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  • Author or Editor: Charles M. Rick x
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Abstract

The ghost mutant illustrated on the cover is one of the myriad monogenic variants known in the tomato. Although determined by a single gene (gh) of known chromosomal location, the homozygote is remarkably variable. It emerges with normal or slightly bleached cotyledons; the first true leaf is a mosaic of totally white and normal green areas; the subsequently developed leaves may have mostly green tissue, but are generally entirely white or light yellow phase; and either white or yellow phase can revert to patches or longitudinal stripes of the green phase. All selfed progeny from any of these phases are solely of gh phenotype. Although this mutant has elicited great interest as a possible example of transposable element activity, such activity has not been proven.

Open Access
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Abstract

Attention here will be confined to those non-profit groups that serve to exchange information and materials related to genetics and breeding of specific horticultural crops. Being independent of the formal scientific societies and having arisen electively according to demand, they are highly heterogeneous in regard to functions, organization, support, and even titles. In most respects this heterogeneity is commendable since the needs of the various groups differ, and each group develops a distinctive character. It is beyond the scope of this article to present all the details of each cooperative, but they will be compared in respect to the most important aspects of their structure and functions. I hope to avoid an excessive slant toward the Tomato Genetics Cooperative, with which I have been associated since its inception. Excluded from major consideration in this article are groups devoted exclusively to line testing (ex. Southern Tomato Exchange Program, STEP), those covering an entire crop group (e.g. Vegetable Improvement Newsletter, VIN; Small Fruit Workers, SFW), or those which are restricted regionally.

Open Access
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Abstract

The following is a brief review of our investigations on problems of germplasm acquisition, analysis, maintenance, evaluation, and use in the Lycopersicon spp. It is based entirely on our published research; hence, only a synopsis will be presented and appropriate citations made to direct readers to full presentation of results and analysis.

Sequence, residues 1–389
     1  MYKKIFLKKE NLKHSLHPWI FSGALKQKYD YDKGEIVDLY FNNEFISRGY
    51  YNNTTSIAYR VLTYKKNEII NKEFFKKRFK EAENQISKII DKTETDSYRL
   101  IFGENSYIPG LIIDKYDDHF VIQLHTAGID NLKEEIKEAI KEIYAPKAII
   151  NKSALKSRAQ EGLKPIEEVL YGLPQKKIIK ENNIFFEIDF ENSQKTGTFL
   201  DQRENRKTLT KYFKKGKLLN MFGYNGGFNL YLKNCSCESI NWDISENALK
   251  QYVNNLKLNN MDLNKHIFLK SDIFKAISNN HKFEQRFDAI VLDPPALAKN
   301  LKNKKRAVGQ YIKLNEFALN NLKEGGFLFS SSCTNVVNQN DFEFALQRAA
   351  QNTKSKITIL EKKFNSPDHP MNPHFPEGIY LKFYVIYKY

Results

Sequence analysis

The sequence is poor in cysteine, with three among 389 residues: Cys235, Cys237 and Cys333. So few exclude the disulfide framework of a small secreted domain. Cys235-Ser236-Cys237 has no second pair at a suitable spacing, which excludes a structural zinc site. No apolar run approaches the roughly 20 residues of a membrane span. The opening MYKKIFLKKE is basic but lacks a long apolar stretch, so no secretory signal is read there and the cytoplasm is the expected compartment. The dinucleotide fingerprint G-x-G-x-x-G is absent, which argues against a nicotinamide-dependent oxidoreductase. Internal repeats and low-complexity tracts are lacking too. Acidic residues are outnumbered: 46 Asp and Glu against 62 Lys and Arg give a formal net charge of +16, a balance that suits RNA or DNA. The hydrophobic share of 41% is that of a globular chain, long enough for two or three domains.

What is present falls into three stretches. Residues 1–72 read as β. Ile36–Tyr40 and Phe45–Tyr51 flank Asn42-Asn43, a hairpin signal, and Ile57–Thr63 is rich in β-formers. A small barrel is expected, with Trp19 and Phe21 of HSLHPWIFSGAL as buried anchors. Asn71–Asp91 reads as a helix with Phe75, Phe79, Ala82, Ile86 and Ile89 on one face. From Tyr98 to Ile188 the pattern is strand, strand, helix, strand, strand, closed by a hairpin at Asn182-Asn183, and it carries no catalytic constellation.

Open Access

Abstract

Several characteristics of the cultivated tomato (Lycopersicon esculentum Mill.) and several wild relatives were explored as factors in resistance to the pink form of the potato aphid. Foliage volatiles of resistant and susceptible plants were found to be qualitatively similar but quantitatively different. Olfactometric tests revealed that the aphids did not react in any detectable way to the aroma variation conditioned by these quantitative differences. Epidermal hairs (non-glandular) of the normal genotypes were not a factor influencing degree of attack by the aphids. In the field the aphids avoided both an excessively hairy compound mutant stock Ln-Wom and the wild tomato relative L. hirsutum. However, under infestation in the laboratory the insects managed to feed on these plants. Pubescence in the normal genotype is not a factor affecting resistance. However, increase of hair density and length tends to restrict aphid feeding activity under field conditions. The presence of anthocyanin in the foliage did not inhibit aphids from feeding. No anatomical obstacles to reaching the feeding site, the internal phloem, were found in resistant accessions of the green-fruited species L. hirsutum, however, thick cortex in the stems might prevent aphids from reaching vascular tissue. Comparative analysis of foliage of susceptible and resistant plants revealed higher sucrose, lower quinic acid, and higher alanine and tyrosine contents and a trend toward higher total free amino-acid concentration in the former. Furthermore, susceptible plants were unique as a source of o-phosphoethanol amine.

Open Access